Finding my way along the unmarked path of a long-lost musical journey
"In 2009, I attended ‘A Cape Breton Story of Ukrainian Dance: From Village to Stage’ at the Cape Breton Art Gallery in Sydney, Nova Scotia. The exhibition, curated by Dr. Marcia Ostashewski, included details about my father’s connection with Cape Breton’s Ukrainian community, from his arrival in Sydney in 1939 until his departure in 1942, when he enlisted in the Royal Canadian Army.
Ballet Master Pavlo Romanovich Yavorsky ~ my father ~ had performed and taught Ukrainian dance for years, and this is what he continued to do upon his arrival in Cape Breton. In his memoirs*, he wrote, “July 6, 1939: I gave my first lecture in the Catholic community’s parish hall ~ it went very well. The next day, I began the teaching of Ukrainian dances… I began teaching Ukrainian school… I held concerts in local halls…”
*Ref.: ‘1938-39 … My Diary from Travels with artist Vasile Avramenko’ ~ Journal entries translated by Dr. D. A. Yavorska, 2007
I was aware of my father’s history as a teacher of Ukrainian dance. But what I did not know was that he also played music, wrote music, taught music: this I learned in conversation with Whitney Pier resident John Huk at the 2009 exhibition. A beloved student of my father’s in his three years on Cape Breton Island, John provided many special artifacts for the exhibition — including a violin which, he told me, my father had given him and had taught him to play.(I had no idea my father could play the violin! John said he had taught himself.) There was also a large sheaf of sheet music, written in my father’s hand. Following the exhibition, John Huk donated the sheet music, among many other important artifacts, to The Beaton Institute at CBU.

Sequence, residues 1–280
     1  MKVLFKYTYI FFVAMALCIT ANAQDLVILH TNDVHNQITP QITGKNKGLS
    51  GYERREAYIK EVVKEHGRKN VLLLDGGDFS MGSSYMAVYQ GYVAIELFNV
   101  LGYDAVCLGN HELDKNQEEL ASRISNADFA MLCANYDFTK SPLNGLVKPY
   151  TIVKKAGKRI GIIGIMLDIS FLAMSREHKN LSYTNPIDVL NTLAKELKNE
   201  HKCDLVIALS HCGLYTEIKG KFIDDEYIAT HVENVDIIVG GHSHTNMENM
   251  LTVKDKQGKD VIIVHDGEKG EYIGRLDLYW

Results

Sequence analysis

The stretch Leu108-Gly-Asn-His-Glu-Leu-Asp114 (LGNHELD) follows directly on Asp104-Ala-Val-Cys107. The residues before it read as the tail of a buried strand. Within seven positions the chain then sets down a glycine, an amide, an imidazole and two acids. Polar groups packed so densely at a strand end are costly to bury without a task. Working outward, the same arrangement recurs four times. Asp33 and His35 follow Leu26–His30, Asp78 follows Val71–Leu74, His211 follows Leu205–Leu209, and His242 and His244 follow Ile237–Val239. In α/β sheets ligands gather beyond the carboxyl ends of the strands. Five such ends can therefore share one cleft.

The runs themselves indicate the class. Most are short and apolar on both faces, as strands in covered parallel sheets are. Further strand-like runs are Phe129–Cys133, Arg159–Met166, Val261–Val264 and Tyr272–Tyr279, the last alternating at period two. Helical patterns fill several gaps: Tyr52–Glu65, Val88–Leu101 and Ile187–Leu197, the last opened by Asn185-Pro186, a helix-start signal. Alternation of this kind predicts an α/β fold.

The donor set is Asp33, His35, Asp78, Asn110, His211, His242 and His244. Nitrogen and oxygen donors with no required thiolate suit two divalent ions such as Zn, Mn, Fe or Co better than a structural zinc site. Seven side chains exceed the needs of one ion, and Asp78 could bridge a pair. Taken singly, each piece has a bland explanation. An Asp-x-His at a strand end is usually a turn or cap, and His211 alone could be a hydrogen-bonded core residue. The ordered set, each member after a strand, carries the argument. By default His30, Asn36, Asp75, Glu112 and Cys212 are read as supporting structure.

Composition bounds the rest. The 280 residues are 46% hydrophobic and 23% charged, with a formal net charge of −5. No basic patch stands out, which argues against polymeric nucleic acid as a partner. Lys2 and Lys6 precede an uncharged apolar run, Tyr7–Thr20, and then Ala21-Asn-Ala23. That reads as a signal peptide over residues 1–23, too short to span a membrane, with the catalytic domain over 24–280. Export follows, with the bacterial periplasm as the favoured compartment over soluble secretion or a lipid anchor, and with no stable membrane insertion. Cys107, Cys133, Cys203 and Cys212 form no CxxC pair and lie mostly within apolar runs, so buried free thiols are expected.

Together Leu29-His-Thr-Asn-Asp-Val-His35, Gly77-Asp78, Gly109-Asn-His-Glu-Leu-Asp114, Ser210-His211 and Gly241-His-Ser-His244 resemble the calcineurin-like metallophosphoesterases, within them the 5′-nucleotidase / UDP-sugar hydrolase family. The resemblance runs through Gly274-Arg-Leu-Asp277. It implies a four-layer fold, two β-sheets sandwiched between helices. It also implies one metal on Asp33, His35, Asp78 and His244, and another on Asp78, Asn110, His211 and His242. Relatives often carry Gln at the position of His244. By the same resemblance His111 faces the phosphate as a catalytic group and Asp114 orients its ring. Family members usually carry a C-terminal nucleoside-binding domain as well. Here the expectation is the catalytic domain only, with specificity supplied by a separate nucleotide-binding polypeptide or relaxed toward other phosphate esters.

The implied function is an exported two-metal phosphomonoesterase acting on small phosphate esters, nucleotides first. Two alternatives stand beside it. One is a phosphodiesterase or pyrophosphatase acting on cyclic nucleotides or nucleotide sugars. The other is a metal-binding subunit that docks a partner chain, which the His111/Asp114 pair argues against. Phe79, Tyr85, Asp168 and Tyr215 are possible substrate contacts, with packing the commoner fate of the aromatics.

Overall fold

Fast-forward to March 2015: Dr. Marcia Ostashewski, Canada Research Chair in Communities and Cultures and Assistant Professor of Ethnomusicology at Cape Breton University, arranged with Beaton Institute Archivist Jane Arnold to provide me with digital files of my father’s sheet music. I had embarked on a serious study of the violin just a few years ago (a dozen years after my father’s passing) and was very moved by being given access to ‘lost’ music with such a profoundly personal connection.
Marcia next told me of her plan to record a collection of Cape Breton music of significance to the Ukrainian population on the island; for this project, she asked me to select a few of my father’s pieces, and to learn them for the recording, slated for this summer. I admit to being overwhelmed by this request: a violin student for just over five years, I do not consider myself a fully-fledged musician yet, although I am a member of an orchestra whose repertoire includes challenging music from Vivaldi and Bach to Handel’s Messiah. Yet the opportunity to return to Cape Breton, where my father came as a young man and found such enthusiasm for his teaching, to record the music he himself chose to present in concert, to play the music he himself transcribed by hand ~ this is truly, for me, an opportunity of a lifetime. For this, I would like to thank John Huk of Sydney, Nova Scotia, Dr. Marcia Ostashewski of Cape Breton University, Jane Arnold of The Beaton Institute, recording technician Christopher Jones, my family Dr. Donna Anna Yavorska and Andrij Ronish for assistance with references and lyrics, and, most of all, my violin teacher, Dini Odynski Westman of Stratford, Ontario.
What follows is the ‘evolutionary progress’ of delving into my four chosen pieces."
A footnote about the images of sheet music, transcribed by Pavlo Romanovich Yavorsky, included here:
This sheet music was hand-written circa 1920s-1930s by Pavlo Romanovich Yavorsky (1914-1998), Ukrainian Ballet Master, CYMK founder, Saskatchewan Nation-Builder and lifelong champion of Ukrainian heritage & culture, coast-to-coast across Canada. Pavlo Yavorsky’s hand-written sheet music is archived in the John Huk Collection (MG 21.13) at The Beaton Institute, Cape Breton University, and is provided with their kind permission. For further information, please contact Pavlo’s daughter, Darene Roma Yavorsky, Creative Director of The Word & Image Studio: www.wordandimage.ca / e-mail firstname.lastname@example.org
~ Darene Roma Yavorsky, Kincardine, Ontario, July 2015
To read more about Darene's process look at her complete document "In my Father's Footsteps by Darene Roma Yavorsky" in our archive.
The Life of Pavlo Romanovich Yavorsky
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